The Baytown Sun from Baytown, Texas on March 15, 1966 · Page 20
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The Baytown Sun from Baytown, Texas · Page 20

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Baytown, Texas
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Tuesday, March 15, 1966
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Page 20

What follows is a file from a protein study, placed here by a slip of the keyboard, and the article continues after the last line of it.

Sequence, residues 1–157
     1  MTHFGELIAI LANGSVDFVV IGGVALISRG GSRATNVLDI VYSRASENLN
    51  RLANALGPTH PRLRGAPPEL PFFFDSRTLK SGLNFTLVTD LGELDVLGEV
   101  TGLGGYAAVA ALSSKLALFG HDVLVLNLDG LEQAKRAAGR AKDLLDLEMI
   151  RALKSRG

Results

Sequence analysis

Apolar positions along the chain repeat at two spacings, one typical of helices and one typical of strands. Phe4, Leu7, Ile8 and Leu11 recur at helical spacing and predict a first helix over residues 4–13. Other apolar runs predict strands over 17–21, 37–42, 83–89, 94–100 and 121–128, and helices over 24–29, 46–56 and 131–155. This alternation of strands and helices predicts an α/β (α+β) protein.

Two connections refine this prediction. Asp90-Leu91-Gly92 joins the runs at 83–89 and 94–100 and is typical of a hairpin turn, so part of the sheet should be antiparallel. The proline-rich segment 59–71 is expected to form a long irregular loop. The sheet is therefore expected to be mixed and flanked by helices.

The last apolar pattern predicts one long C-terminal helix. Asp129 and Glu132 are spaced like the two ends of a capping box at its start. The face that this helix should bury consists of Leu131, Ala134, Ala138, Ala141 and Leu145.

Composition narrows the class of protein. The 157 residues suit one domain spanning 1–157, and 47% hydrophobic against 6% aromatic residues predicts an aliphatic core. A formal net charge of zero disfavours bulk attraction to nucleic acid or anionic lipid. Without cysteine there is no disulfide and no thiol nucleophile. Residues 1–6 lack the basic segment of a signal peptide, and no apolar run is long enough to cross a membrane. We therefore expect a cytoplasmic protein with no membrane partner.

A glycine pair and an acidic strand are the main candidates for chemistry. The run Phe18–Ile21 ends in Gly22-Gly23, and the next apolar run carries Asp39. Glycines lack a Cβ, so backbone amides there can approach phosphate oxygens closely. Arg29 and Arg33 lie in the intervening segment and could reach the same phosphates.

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Tuesday, March 15, 1966 Answers Given On Inflation By 8AM DAWSOX Af ftm*\»en News Analyst NEW YORK (AP) — The rising cost of Jiving — and of doing business — has Americans wondering if they're in for another round ot inflation. Or, as most probably would phrase it. if tomorrows paycheck will buy even less than today's. As government officials and businessmen debate the complex problem of inflation and what to do about it, here are some simplified answers to the questions many people are asking today: Q — What is inflation? A— To most people inflation is a persistent and substantial increase in the general level of prices. But many economists call this the end product of inflation, not inflation itself. They define inflation as the result of monetary policy: "too many dollars chasing too few goods." Q — Do we have "too many dollars" today? A — Bankers cite the unusual rise in the supply of money and credit since last summer and say that this has given business- ing for several years rose at]index rose by an average of 0.8 about 1-2 per cent a year and!per cent a month. More impor- was called noninflationary. But in 19K> the rate jumped to 2 per cent. Bankers call this 2 per cent rise inflationary. Washington officials say 3 per cent wculd be the danger point and that what we've been having is "economic growth" rather than "inflation." Q —Would 3 per cent be a big jump, historically? A— No. The last time we had what everyone agreed was inflation was in the Korean War period. Between June 1850 and March 1931 the consumer price Yale May Let Women Enrol! in School NSW HAVEN, Conn. (AP) — Yale University is considering letting women receive an undergraduate education at the all- male school. Yale President Kingman Brewster say s the Yale Corpo- the need for high-quality education for wom- men and consumers the where- en an d j s interested in exploring! withal to bid up prices of goods. now Yale might contribute to Government officials contend meeting this need beyond what the money increase was needed jj already does through its grad- economy, makes more jobs for to feed the economic growth .jate and" professionaf schools." j those producing more goods to tant to the economy, wholesale prices rose an average of 1.3 per cent a month. Q —How is the wholesale price index behaving now? A— After several years o: being practically stationary, the index has jumped 4.6 per cen since June 1964. And the rise in recent months has been the steepest. Q — Who are the first victims of inflation? A — Those who live on fixef incomes. These include the elderly and retired. Their pensions or Social Security checks bu> less of what they need, and the> can't hope for a pay increase to offset this. Al! savers are hurt, whether it be those who pui money in banks, in insurance, or in bonds. When they use the savings, mnation has cut their market value just as if part of the savings had been stolen outright. Q — Why do some enjoy inflation in its early stages? A — Rising prices can bring rising wages, or capital gains on such things as common stocks, -eal estate and art objects. For a. time inflation heats up the which cut the jobless rate to 3.7 per cent for the first time in nine years. Q — How do you tell inflation from the price increases we've been having right along? A— By hoiv much and how fact TvKr-os; rise. The cost of liv- AVOID THE RUSH! HAVE YOUR CAR INSPECTED NOW j be sold at 'he higher price. Business looks better, profits are higher —if worth less when spent. Then the bubble bursts and most folk discover they're worse off than before. Next: What to do about inflation — and when to do it. OUR ANNUAL STOREWIOE TERRIFIC SAVINGS EVENT!... SAVE ON SPRING NEEDS... CHARGE IT! Special Purchase MEN'S SHORT SLEEVE SPORT SHIRTS Americans Spend More On Fags Than Medicine CHICAGO (AP) — Americans spend more for tobacco than for hospital care, the American Medical Association's AMA New s says. publication also says is spent in the United States on cosmetics, haircuts and toiletries than for doctor bills. Quoting U.S. Department of Commerce figures, the AMA News said Americans spend $14.4 billion for physicians and hospitals, and S14.S for tobacco and haircuts and toiletries. Scholarship Fund AMHERST. Mass. The University of ;etts has received a scholarship funu. the (AP) — Massachu- $400,000 AGRICULTURE ADVANCED ON MANY FRONTS IN 1965 WASHINGTON (AP) — The less from the market place. The nation's agriculture advanced! idea of making broad use of on many fronts during 1965, (such a payment device was first producing a record volume of I advanced by Charles F. Bran„. —. .*-_ i_ : _,_^ [ aaa. secretary of agriculture under President Harry S. Truman in 1949. The proposal didn't get anywhere at the time. This legislation encountered sharp opposition from some farm groups, but was passed in Congress with strong bipartisan crops and the highest average income per farm in history. Other developments include* a cut in government-held surpluses of some commodities, an increase in exports, an expansion in the quantity of food made available for the needy a 1 home and abroad, and a further reduction in the cost of food in relation to consumer incomes. The year found technology assuming a larger role in agricultural output. Thus fewer workers were needed to help farmers. Congress enacted new farm legislation affecting cotton, largest wheat feed grains, rice, dair> single private gift in the state | products and surplus cropland. This legislation moi-ed toward by the Jong controversial Brannan production payment philosophy. Under the new law. growers of cotton, feed grains and wheat will get a larger portion of their crop returns from payments I made by the government and university's history. The fund was bequeathed the late George M. Codding of Darien, Conn., a 1909 graduate, and former executive vice president of Bartlett Tree Experts, Inc. He died in Darien Sept. 23, 19S4. CREWS FOR GEMINI S—These are the astronauts who are in the final leg of training for the National Aeronautics and Space Administration's upcoming Gemini S mission. Seated are the prime crewmen. David R. Scott, left, and command pilot Nei! A. Armstrong. Behind them are the men who serve as backup crew, Richard F. Gordon, left, and Charles Conrad. Jr.. command pilot. support. Nevertheless, the legislation still left agriculture sorely split over the role government should play in regulating farm production and markets. Output of food and fiber crops during the year was an estimated 7 per cent larger than in 1964 and 4.5 per cent above the previous high in 1963. This big jump came without any increase in acreage — an accomplishment attributed mainly to further tehnological advances. Production of meat animals declined slightly. A slump in cattle and hog prices in 1964 had discouraged producers. A small gain in cattle and hogs is expected in 1366. The Agriculture Department reported that net farm income totaled $14 billion in 1965. This was the highest since 1952. It compared with $12.9 billion in 1964. Largely because the number of farms continued to decline, the average net income per farm climbed to a record high of $4.150 in 1965. This was about 11 Per cent higher than the 1964 average of $3,72T and nearly 40 per cent higher than the 1960 average of $2,958. This increase in incomes of larms was not as bright as it appeared on paper, claim cri- of government farm-aid programs. They said mat much of the increase came from the federal Treasury in the form of iroduction and non-production payments — outlays which, they argued added to th e national debt A major critic of these programs continued to be the American Farm Bureau Federation, the largest of the na- ional farm organizations. It ong has advocated a gradual withdrawal of government production, price and market controls, with producers relying more heavily on markets. With farmers using more machinery r more and better fertilizers, and improved crop varieties, the demand for labor de- clined an estimated 9 per cent during the year. A further reduction is expected in 1966. Farm employment for the year was said to have averaged 5,564,000 compared with 10,979,000 in 1940, for example. The government said a significant factor ia the 1965 decline in use of workers was its action in greatly limiting the importation of foreign workers, particularly from Mexico. Farm wage rates increased 5 per cent during the year to a national average of 95 cents an hour. Farm exports marketing year during ending the next June 30 has been forecast as a record high of $6.2 billion. This exceeds th 1960 level by nearly JUS billion. The Agriculture De-i partment expects them to reach close to $S billion by 1970. 1 U.S. efforts and those of other countries to lower trade bar-] riers to farm commodities madei no progress, however, in nego-| tiations held in Geneva. government reported also that the value of farm assets and equities made good gains during the year. Although farm debt increased by a record amount, the dollar increase in the debt was said to be much less than the increase in farm asset values. Collection of farm- mortgage loans was reported to have continued excellent in 1965. Delinquencies and foreclosures were few. The costs of farming, as measured by farm production expenses, continued their long- term upward trend during 1965. A further increase in 1966 has been predicted. Services Scheduled GILMER, Tex. (AP) — Sen-ices were planned in Sherman today for Wesley Morgan Works, 71, president of the Texas City Managers Association in 1345 and former city manager at Sherman, Corsicana and Longview. He died Monday at a Gilrner hospital. Million City Kail DALLAS (AP) — A consultant's report to be filed with the city manager today shows hat Dallas' proposed new city lall will cost $18 million if constructed to fit the needs of 1970 and 5286 million if it is to serve the needs of the year 2,000. . .. Choose Soiids, Plaids and Checks in New Spring Colors. Made To Sell For Much More. Stock Up For Wear A!! Through Summer. , SPECIAL PURCHASE I arnel & cotton pop cord stripes Values to $1.49 yd. . . . fin» qualify arnel tri- ecetate and cotton blend in one-sixteenth and one-eighth *«e jtripes, wov-en pop-up weave. Assorted colors for spring sewing. Yd. ^jf jP, ALL COTTON SHORT SLEEVE STYLES BOYS DRESS AND SPORT SHIRTS 2 m 3 . Select now for spring and Easter. Genuine first quality in shas 6-181 °° V_xL/lIl L/dJ. \^ • Whatever car you may be considering as your next, you should investigate theinany superiorities of Cadillac. Its performance, luxury, distinction and lasting value will convince you that you could make no better motor car investment. Match Cadillac against anv other car at or near its price and it will prove its extra value beyond a doubt. For example, you'll find no other car ot Cadillac's size thai performs so nimbly or handles so deftly. Cadillac is respected by authoritative automotive writers as a "driver's car' for its outstanding road capabilities. No other automobile offers such a satisfying combination of comfort, roominess, luxury and conveniences. Cadillac is unexcelled in the motoring safeguards it offers as stand- ard equipment. Finally, no other car in its class comes close to Cadillac in popularity, owner loyalty or high resale value. Only your persona! experience at the wheel of a Cadillac can completely demonstrate how elegant, excellent and exciting your next automobile investment can be. See your nearby authorized dealer at vour earliest opportunity. No one else knows Cadillac motor cars better... or is better prepared to offer the superior kind of service a fine car like Cadillac truly deserves. Standard of the World SEE AND DRIVE THE MAGNIFICENT 1966 CADILLAC AT YOUR AUTHORIZED CADILI AC DEALER BAYTOWN MOTORS. INC. 700 W. TEXAS AVEi BAYTOWN. TEXAS SEE US TODAY For A LOW COST CONVENIENT "HOME IMPROVEMENT LOAN" Loan Officers On Duty 8 a.m. to 6 p.m. DAILY CITIZENS NATIONAL Mtmb»r F.D.I.C. BANK AND TRUST COMPANY 319 W. Texas Phone 3-7301 The Progressive Bank Serving Baytown 45 Years